With the Flowering Limb and the Bird Image Krasner turned back to nature for inspiration. After struggling with a broken wrist she found a way to use her fingertips, she made them move her left hand around in order to paint. These are probably my favorites from this series.

Bird Image, 1963

Marcia Tucker describes her in "A short life of trouble" after she put up a solo show for her in 1970, at the Whitney.

"When I finished placing the paintings, I called her and told her the show was ready for her to look at. She harrumphed and hung up. Twenty minutes later, there she was, wrapped in a fur coat, looking and acting like her Majesty the Queen. She sailed by me without saying hello and marched through the fourth floor as though she were reviewing the troops, hoping to find at least one soldier with scuffed boots or bad posture. I trailed her at a distance, not wanting to be in the line of fire if something displeased her, but she didn't say a word. Forty-five minutes later, I caught up with her as she leaned against the wall in one of the small back galleries. "You know," she was murmuring to herself, "I'm a pretty damn good painter."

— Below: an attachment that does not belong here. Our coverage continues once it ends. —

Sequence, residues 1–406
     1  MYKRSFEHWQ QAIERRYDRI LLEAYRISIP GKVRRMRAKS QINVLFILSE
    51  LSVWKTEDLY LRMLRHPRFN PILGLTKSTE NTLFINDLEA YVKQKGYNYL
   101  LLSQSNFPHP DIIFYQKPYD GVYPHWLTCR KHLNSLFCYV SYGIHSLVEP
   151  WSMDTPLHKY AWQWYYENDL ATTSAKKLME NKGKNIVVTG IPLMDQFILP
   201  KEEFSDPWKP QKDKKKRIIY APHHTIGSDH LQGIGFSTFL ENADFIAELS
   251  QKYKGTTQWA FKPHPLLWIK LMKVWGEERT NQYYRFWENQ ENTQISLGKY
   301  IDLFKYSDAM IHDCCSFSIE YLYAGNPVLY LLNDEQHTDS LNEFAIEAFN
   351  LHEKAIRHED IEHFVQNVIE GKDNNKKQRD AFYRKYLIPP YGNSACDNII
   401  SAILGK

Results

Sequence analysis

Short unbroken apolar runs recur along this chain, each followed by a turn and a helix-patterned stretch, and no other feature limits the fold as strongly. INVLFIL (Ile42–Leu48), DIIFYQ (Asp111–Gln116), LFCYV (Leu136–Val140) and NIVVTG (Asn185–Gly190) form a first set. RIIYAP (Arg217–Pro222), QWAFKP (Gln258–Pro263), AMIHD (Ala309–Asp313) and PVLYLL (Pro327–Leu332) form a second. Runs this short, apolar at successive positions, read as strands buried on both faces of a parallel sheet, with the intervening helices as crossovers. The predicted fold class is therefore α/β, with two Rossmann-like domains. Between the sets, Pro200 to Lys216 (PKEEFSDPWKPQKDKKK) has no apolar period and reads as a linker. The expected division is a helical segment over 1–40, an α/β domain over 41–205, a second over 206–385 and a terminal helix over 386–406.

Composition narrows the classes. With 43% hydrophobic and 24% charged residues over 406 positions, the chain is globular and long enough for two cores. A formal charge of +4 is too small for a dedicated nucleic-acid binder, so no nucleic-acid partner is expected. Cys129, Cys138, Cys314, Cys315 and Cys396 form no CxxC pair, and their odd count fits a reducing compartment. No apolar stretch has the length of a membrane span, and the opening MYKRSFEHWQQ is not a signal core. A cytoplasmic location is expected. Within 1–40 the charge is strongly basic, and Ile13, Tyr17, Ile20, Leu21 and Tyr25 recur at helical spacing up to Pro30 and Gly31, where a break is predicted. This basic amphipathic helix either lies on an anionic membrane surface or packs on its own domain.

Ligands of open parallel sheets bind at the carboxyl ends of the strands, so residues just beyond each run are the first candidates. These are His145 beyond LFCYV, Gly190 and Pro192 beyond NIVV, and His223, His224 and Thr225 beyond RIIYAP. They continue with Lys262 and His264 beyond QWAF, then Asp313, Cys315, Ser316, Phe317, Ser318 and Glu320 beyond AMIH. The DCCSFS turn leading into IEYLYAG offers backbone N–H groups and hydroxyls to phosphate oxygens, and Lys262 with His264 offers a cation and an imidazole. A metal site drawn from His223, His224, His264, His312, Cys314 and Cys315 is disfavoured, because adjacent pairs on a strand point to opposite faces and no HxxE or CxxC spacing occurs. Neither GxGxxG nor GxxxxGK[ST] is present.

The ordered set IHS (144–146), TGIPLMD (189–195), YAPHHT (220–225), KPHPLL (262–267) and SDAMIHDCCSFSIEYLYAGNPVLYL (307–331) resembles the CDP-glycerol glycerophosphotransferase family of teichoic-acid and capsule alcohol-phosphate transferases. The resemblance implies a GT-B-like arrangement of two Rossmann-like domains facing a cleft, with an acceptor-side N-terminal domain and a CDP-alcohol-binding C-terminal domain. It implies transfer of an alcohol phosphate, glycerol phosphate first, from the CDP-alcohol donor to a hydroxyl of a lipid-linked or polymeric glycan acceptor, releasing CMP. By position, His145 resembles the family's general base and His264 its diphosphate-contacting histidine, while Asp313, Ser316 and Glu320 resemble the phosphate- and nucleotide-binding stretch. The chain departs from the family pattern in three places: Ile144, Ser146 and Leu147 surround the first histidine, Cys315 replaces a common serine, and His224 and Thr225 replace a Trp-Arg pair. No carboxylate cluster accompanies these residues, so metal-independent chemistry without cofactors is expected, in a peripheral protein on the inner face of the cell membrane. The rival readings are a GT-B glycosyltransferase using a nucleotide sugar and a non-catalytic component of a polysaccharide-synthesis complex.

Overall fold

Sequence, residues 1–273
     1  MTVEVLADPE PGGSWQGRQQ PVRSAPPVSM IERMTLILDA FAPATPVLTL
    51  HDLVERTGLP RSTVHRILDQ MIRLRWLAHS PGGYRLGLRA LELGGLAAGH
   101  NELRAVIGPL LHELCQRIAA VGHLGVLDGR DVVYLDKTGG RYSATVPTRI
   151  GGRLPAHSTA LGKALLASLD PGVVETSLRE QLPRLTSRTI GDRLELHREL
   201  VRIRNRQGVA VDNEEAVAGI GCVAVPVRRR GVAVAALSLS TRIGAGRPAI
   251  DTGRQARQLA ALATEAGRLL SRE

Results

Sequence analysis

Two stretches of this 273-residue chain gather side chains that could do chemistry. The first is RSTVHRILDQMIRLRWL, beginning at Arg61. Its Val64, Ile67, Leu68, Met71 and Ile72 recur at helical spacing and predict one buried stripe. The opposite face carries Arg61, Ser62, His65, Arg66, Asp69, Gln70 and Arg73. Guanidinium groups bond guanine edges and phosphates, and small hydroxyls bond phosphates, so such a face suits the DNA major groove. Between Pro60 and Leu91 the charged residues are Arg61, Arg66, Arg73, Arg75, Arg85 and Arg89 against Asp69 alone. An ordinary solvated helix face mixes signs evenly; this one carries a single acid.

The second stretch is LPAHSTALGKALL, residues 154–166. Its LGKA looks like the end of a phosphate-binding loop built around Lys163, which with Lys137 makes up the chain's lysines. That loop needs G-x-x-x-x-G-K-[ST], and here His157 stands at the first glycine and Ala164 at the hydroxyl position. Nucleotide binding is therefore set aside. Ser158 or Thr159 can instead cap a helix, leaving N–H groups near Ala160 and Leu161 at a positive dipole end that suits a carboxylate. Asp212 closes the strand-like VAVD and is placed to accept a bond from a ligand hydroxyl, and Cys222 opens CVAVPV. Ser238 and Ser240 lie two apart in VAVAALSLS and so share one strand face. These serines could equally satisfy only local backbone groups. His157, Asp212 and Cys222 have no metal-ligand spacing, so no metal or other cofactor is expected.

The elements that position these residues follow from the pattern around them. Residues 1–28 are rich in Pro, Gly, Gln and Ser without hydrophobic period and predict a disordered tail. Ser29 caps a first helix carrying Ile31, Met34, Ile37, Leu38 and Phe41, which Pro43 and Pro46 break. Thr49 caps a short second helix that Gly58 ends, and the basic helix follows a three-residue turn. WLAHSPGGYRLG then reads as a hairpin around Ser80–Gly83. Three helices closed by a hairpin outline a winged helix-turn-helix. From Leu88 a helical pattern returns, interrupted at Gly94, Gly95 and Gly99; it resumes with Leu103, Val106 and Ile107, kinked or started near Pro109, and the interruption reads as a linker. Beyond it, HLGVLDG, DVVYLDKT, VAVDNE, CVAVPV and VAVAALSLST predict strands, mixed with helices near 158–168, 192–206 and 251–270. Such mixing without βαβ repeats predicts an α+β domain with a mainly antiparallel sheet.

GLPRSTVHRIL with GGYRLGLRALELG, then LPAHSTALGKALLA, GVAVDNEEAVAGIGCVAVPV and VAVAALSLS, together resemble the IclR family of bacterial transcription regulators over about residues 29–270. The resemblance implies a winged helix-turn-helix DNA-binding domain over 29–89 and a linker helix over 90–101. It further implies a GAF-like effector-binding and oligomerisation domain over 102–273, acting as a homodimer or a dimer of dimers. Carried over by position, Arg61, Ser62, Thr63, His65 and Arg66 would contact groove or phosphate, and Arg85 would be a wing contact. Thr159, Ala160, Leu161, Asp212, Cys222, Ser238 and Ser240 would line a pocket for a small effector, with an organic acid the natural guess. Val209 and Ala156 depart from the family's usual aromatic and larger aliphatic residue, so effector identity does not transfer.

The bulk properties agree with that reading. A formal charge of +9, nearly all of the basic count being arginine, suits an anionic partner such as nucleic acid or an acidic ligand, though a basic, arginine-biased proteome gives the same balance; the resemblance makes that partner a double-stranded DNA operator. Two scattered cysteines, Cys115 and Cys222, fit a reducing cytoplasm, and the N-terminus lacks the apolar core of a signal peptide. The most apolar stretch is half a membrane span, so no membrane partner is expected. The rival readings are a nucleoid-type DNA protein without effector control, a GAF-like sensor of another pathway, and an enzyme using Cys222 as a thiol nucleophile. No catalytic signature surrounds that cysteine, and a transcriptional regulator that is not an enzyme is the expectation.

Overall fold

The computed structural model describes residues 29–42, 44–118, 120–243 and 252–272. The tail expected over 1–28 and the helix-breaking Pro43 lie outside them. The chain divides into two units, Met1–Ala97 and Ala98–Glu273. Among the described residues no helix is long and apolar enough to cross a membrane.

(page 105)

With Love

Thursday, November 18, 2010


Overcoat (2004)

Opening 17th of Nov.

Yes, and Charles LeDray he WORKS he really WORKS and impressively so.
Last night, was one of the funniest openings I have been to in a while. Reaching over the 3rd floor of the Whitney, miniature suits, ties, hats and puppets are decorating walls and floors. In glass vitrines there are carved bone miniature sculptures and thousands of glazed ceramic pieces, like tiny vases. Some sections are filled with all white ceramics and others with all black. There are also sections with multiple colors. All of the sculptures, read ALL of them are different from each other and made single handedly by Charles LeDray himself.


Part of 2000 pots

“With his sometimes diminutive, meticulously made objects . . . the New York artist Charles LeDray thinks giant thoughts.”
- New York Times

“you might just think you stumbled onto the set forGulliver’s Travels.”
The Village Voice

Mens suits